Over, under, over, under, over, in. Last week at a friend’s birthday get-together, I learned how to create coconut hats.
Located on the edge of Waikīkī, Kaimana Beach—also known as Sans Souci Beach—is just south of the Natatorium War Memorial. The beach was bustling with families, kids of all ages and canine friends as well. In addition to the small, white sand beach there is also a large grassy area near the parking lot.
Sitting on the grass with the rest of the party guests, we all worked carefully weaving our leaves, trying to create our very own hats. As this was my first time learning this craft—along with other first-timers as well—I found myself anxious, yet excited. Being that I am not the best visual learner, I often called on for help from those around me.
After a while of rearranging my palm leaves just right, I noticed that I was starting to get the hang of what I was doing. Looking at my creation, searching for leaves that I may have messed up on, I began to see the pattern of the coconut tree leaves taking shape into an actual hat. As I was admiring what I had completed thus far, I couldn’t help but think about the ancient Polynesians that started this art form.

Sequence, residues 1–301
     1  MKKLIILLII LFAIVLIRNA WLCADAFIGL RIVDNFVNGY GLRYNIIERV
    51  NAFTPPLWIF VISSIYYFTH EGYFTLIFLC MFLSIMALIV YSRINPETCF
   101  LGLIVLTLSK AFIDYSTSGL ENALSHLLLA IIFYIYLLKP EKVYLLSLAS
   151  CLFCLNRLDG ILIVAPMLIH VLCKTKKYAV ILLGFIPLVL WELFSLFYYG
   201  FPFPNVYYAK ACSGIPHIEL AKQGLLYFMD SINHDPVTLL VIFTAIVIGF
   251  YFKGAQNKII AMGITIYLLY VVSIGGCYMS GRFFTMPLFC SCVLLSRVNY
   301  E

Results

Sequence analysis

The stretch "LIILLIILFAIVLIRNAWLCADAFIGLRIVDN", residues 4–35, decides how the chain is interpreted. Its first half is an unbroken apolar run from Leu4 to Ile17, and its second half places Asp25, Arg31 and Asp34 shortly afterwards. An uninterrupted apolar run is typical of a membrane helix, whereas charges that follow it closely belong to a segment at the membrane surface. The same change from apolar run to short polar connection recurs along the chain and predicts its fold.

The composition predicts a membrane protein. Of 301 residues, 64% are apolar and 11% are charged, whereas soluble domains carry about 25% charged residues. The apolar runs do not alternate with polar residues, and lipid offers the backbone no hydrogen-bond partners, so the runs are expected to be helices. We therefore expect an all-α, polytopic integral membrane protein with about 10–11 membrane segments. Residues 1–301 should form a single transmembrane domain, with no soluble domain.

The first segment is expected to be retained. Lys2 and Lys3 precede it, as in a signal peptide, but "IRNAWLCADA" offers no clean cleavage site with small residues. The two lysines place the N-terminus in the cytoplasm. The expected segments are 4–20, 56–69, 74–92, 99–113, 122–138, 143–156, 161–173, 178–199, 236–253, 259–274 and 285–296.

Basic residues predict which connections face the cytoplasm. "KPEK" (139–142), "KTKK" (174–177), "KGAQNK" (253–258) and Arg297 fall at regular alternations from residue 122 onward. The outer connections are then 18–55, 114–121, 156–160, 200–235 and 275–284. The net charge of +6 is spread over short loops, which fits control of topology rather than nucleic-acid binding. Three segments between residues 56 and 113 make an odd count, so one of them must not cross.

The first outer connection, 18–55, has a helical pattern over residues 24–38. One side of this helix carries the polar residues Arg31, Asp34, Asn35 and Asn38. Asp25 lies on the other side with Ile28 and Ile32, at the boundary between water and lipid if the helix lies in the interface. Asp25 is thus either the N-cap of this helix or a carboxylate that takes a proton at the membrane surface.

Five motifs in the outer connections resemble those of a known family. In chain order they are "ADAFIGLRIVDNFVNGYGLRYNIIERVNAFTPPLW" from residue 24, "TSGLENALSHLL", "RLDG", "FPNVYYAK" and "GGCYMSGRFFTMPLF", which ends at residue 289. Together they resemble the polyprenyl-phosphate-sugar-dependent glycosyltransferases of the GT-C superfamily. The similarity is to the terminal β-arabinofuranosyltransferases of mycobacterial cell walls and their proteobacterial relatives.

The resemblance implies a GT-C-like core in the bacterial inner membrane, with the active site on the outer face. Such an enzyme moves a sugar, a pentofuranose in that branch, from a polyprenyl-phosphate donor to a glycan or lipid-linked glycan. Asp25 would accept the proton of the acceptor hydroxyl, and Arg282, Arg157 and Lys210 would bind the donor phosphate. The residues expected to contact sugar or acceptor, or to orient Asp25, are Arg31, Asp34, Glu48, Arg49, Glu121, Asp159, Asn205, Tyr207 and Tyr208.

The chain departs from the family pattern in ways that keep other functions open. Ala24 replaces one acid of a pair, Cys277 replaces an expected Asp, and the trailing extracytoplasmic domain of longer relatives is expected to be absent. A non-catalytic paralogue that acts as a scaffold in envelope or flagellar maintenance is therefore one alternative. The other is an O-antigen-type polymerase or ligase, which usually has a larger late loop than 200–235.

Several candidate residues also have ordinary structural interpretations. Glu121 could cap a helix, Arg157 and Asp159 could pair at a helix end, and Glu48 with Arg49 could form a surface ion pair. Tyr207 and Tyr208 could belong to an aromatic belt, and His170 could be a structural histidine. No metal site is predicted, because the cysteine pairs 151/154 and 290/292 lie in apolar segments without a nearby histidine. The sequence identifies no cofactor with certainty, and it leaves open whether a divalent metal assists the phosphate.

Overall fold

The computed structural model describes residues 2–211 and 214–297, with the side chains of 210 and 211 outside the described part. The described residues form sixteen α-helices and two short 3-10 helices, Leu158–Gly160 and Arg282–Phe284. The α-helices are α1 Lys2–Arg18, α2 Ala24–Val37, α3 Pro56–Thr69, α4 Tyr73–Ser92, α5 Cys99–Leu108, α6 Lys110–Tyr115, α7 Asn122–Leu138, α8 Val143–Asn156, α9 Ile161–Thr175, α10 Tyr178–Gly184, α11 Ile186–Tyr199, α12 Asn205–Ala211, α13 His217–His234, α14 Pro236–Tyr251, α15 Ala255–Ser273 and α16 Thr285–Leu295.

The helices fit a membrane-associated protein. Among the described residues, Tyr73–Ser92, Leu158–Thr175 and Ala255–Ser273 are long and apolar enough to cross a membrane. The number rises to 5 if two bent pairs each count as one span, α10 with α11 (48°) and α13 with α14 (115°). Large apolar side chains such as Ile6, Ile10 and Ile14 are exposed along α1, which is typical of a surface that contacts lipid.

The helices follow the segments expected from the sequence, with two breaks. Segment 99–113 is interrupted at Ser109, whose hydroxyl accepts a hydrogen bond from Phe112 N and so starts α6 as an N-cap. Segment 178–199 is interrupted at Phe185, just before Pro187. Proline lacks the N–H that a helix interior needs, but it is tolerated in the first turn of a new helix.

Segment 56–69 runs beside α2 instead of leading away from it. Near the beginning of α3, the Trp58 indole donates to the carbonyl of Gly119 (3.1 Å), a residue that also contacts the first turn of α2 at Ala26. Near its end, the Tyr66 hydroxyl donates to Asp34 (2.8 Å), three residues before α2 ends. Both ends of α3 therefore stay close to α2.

My mind wondered why they decided to create these hats—was it just a pastime, a way to protect their heads from the heat or maybe a combination of both? More importantly, I began to ponder how exactly they taught themselves to do this. It took me a good 30 minutes just to figure out how to create the brim portion of the hat, let alone the top part that would actually cover my head. I was in awe that they were able to create something so intricate out of materials that were so simple.
Although I am not Polynesian, I have lived in Hawaiʻi for my entire life. But it wasn’t until I wrote this piece, that I realized that I learned a craft that went back generations and generations. Cultural things, such as coconut hat making is what reminds me of how much history there really is to Hawaiʻi—and Polynesia in general.
I learned how to use something from the land and tried to create something with my own two hands. Even though I wasn’t able to create the perfect hat, it’s still an experience that makes me smile. It is the little things like this that make me grateful to live in a place with rich culture, scenic views and wonderful people. I truly feel so privileged to call Hawaiʻi my home.